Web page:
Investing and CFD trading main difference is the way you get exposure to assets. When trading through CFDs you don't own the asset. When investing, you take ownership of the assets.
|Best for active, short-term traders
|Long-term, buy and hold traders
|Use of leverage
|Leverage isn't available
|Capital gains tax (losses can be offset)
|Capital gains tax
|No stamp duty tax (check with local authority)
|Stamp duty tax
|24h trading on major stock indices and forex
|Specific trading hours
|No stockholder privileges
|Some shares grant voting rights
|Some pay dividends
CFD trading is best suited for active traders or better yet, day traders. If you need to learn about CFD basics, check out our article here. With CFDs you can go long or short on positions. The main benefit of trading CFDs is the use of leverage. With leverage, traders get full exposure to the market, while depositing a small amount of capital. While leverage increases profit, it also increases risk. CFDs are great for hedging non-leveraged investments.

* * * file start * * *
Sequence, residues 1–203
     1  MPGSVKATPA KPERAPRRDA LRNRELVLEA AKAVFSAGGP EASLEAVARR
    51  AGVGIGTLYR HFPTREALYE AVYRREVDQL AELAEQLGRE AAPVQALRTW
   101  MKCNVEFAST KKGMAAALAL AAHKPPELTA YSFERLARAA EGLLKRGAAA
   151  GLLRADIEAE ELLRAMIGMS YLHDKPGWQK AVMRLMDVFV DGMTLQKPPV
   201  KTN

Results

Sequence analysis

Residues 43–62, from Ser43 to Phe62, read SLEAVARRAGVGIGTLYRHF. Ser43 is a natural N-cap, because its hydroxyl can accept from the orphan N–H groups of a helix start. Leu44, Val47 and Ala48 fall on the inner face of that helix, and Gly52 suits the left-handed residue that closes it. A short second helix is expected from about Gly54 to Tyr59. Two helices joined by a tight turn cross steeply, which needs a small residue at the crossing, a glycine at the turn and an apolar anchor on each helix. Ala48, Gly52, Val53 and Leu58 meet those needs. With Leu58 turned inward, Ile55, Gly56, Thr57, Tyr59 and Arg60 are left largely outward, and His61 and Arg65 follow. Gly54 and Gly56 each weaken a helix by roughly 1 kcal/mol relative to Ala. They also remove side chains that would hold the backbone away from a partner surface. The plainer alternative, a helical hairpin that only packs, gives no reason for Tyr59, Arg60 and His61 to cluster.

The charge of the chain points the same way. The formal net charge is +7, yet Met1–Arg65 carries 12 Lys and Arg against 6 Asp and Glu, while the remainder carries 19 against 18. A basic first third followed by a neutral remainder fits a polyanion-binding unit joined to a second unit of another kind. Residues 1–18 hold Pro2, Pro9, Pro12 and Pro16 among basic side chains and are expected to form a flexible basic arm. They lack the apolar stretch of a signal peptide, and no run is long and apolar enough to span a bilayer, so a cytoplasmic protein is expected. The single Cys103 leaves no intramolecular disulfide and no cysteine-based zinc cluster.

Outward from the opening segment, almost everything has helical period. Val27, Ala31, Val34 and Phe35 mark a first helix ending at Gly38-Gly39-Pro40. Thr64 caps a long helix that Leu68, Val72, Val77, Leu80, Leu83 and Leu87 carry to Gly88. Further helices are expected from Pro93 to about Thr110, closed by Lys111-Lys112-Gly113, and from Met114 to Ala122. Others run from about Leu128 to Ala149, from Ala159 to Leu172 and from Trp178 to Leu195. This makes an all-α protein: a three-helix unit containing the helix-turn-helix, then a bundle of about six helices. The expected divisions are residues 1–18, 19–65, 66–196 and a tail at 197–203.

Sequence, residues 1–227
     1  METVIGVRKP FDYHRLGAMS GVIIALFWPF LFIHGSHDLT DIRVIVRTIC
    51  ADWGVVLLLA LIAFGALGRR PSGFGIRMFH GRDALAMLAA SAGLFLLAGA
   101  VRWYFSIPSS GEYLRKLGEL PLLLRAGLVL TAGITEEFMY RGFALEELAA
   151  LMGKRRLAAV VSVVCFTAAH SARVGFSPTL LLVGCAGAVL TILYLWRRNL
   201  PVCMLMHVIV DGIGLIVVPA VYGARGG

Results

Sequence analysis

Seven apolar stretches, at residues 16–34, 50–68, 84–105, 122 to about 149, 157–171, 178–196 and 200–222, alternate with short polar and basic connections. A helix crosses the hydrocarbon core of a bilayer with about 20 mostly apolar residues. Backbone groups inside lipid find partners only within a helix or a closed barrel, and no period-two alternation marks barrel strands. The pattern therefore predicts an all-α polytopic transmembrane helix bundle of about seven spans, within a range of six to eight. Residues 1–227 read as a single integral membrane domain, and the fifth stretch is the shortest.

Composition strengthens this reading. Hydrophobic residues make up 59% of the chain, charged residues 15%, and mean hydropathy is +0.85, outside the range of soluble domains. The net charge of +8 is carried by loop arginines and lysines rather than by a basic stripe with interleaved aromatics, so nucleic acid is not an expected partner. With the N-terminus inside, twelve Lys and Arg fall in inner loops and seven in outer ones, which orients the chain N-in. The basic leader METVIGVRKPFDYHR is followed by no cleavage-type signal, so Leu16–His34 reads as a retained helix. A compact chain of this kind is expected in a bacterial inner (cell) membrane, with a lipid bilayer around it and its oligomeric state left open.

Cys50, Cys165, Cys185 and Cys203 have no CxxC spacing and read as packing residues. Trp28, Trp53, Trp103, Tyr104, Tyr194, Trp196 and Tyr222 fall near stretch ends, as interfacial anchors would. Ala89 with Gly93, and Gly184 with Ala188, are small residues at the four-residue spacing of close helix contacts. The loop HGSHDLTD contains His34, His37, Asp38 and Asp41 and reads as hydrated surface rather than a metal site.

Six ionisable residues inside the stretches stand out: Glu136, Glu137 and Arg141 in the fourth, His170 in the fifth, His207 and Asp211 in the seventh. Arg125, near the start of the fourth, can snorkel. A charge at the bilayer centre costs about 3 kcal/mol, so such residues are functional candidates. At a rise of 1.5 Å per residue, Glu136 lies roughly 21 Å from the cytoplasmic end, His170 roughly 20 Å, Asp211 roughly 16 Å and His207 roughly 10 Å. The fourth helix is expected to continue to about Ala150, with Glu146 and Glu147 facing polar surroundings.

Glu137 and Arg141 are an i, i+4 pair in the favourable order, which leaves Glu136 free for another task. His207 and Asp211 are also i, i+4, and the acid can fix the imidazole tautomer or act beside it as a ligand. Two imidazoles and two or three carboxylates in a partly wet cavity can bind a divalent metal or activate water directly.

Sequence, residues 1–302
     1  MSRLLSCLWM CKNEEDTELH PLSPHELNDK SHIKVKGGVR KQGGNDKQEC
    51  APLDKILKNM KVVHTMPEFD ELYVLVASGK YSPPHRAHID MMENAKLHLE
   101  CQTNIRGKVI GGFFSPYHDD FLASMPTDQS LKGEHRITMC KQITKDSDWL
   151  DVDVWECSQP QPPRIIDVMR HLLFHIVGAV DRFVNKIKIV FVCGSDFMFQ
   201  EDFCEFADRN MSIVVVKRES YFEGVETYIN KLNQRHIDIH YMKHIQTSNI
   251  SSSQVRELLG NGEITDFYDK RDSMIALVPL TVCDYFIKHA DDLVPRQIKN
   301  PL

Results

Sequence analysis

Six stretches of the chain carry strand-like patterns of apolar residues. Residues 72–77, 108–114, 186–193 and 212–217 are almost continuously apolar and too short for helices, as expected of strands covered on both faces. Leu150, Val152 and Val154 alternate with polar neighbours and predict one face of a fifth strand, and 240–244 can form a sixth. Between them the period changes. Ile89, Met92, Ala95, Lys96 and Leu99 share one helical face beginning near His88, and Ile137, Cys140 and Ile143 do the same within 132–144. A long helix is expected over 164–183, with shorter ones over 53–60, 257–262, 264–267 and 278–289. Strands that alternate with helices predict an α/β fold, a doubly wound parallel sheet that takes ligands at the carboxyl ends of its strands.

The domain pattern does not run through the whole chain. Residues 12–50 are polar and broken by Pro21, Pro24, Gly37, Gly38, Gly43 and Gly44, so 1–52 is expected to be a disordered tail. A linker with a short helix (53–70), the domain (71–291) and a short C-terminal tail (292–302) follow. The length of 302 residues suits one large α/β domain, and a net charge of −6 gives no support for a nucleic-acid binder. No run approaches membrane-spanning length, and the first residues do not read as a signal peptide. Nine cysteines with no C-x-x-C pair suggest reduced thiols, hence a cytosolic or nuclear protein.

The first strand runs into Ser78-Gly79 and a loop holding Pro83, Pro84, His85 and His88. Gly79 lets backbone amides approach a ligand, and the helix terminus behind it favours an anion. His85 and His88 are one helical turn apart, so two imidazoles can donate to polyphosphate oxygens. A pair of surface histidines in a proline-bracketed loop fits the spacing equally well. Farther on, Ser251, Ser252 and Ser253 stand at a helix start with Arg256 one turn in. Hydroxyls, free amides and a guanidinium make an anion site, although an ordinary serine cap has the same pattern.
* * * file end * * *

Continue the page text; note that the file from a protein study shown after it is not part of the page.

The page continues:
Traders don't pay stamp duty on CFDs. Capital gains tax is applicable.
Investing is a long-term strategy, suitable for buying and holding positions over a longer period. Investors take ownership of the asset and profit from upward price movements.
Because leverage isn't available, you have to put the full amount of the position upfront. The maximum risk is the amount invested.
Traders can invest by buying shares or an ETF. You get ownership of the asset and receive dividends, voting rights if this is available. If the price increases, you profit.
Stock CFDs vs Buying Stock
The main difference is how you are exposed to the asset in your position. With CFDs you also get access to other assets like currency pairs, indices, cryptocurrencies, commodities, futures, options, and more.
Example of a CFD share trade vs share deal
|409.2 (0.2 spread)
|Buy 300 share CFDs – £245,52 (20% margin)
|Buy 300 shares – £1,227
|£122,4 minus applicable tax and broker commissions
|£123 minus applicable tax (capital and stamp duty)